One of the advantages of having a fairly open immigration policy in my organic garden is that I occasionally get a plant moving in who dramatically raises the biodiversity of my yard. I had thought the plant pictured above was a nettle until it bloomed in purple. (I have a fondness for nettles and plan each year to make nettle soup but always forget to harvest the nettles when they are still young and tender and so they flourish unmolested in my garden).
A quick consult of Linda Kershaw‘s Ontario Wildflowers revealed the mystery plant was a Swamp Vervain (Verbena hastata), a perennial that is native to southern Canada. Kershaw also relates that Swamp Vervain (as its name implies) prefers moist open areas. My garden is open full to the south but is rarely a particularly moist habitat. I guess the rainy summers we’ve been having the past couple of years have convinced the Vervain otherwise. According to Evergreen Canada’s on-line database of native plants it is also known as Blue Vervain and is found from Ontario to Nova Scotia.
A note on field notes. I have chosen to include information that I have stumbled upon about the flora and fauna of Ottawa as part of this blog because it is important to me to acknowledge the other beings who make their home here. The least I can do as a member of a multi-species community is learn the names of my neighbours and some of their preferences and dislikes. I have been inspired in this project through reading The Cincinnati Arch: Learning from Nature in the City, a memoir by John Tallmadge in which he relates his own awakening to the co-existence of nature and the urban. He writes that he always prided himself on his knowledge of the flora and fauna of the wilderness areas he vacationed in. However, once he awakens to the presence of nature in Cincinnati, he is appalled by his almost complete ignorance of nearby flora and fauna. As one of his key practices of urban environmentalism, he sets out to learn about the other organisms that live in Cincinnati. Reading his memoir while sitting on my front porch one summer day, I too was forced to face the level of my ignorance and so I’ve set out to fill in some of the gaps in my knowledge.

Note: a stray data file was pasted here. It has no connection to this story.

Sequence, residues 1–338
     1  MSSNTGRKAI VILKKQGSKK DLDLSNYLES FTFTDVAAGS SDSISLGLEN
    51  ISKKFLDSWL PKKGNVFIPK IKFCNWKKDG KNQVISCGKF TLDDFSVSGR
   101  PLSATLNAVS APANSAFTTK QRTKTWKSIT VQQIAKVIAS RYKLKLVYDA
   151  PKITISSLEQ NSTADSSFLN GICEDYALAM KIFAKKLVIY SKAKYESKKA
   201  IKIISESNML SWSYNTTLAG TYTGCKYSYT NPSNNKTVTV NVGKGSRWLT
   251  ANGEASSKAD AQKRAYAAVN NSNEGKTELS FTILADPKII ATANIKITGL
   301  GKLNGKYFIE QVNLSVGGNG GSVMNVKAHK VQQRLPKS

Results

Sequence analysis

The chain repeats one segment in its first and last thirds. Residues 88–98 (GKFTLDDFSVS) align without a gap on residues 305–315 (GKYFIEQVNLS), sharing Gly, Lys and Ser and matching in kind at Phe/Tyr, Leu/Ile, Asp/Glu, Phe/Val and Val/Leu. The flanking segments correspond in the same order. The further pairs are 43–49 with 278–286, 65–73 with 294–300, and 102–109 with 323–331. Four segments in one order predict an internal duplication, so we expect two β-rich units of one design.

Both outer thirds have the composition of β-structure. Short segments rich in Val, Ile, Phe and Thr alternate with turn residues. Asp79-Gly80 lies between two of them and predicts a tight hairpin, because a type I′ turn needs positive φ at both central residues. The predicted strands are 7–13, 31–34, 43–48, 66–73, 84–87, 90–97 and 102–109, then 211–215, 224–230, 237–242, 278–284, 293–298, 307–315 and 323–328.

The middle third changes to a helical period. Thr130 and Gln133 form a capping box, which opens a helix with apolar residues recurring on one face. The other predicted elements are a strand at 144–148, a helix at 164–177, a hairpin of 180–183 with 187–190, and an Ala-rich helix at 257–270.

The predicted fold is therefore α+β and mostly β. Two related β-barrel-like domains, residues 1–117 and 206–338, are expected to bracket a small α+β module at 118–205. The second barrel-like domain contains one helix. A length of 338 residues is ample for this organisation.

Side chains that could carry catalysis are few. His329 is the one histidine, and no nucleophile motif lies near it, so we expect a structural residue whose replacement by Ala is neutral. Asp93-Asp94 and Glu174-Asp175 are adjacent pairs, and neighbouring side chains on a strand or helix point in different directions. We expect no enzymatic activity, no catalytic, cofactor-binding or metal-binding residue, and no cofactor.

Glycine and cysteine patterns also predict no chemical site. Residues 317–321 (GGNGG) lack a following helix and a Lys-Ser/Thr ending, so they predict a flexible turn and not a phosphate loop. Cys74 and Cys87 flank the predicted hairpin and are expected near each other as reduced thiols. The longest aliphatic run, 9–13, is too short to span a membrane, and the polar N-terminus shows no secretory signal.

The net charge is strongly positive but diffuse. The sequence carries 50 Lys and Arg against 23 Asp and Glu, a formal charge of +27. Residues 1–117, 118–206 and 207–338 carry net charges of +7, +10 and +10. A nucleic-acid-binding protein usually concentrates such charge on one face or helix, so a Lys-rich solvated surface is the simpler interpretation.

3 thoughts on “Field Notes: Swamp Vervain (Verbena hastata)”
That is a beautiful plant. I would love to add it to my gardens but the large maple trees I have pretty much suck all moisture from the gardens I have. This little swamp plant wouldn’t stand a chance. 🙂
Thank you for talking about that book. I too can relate and have started learning the common names of plants. The formal Latin names are just beyond this old brain of mine. 🙂
I love books like this! The OPL doesn’t have it. Do you think that the university library does? I just read a great book on monarch butterflies entitled “four wings and a prayer”.
I don’t think Carleton U has it, but Ottawa U might. You can also request interlibrary loan books through the Ottawa Public Library.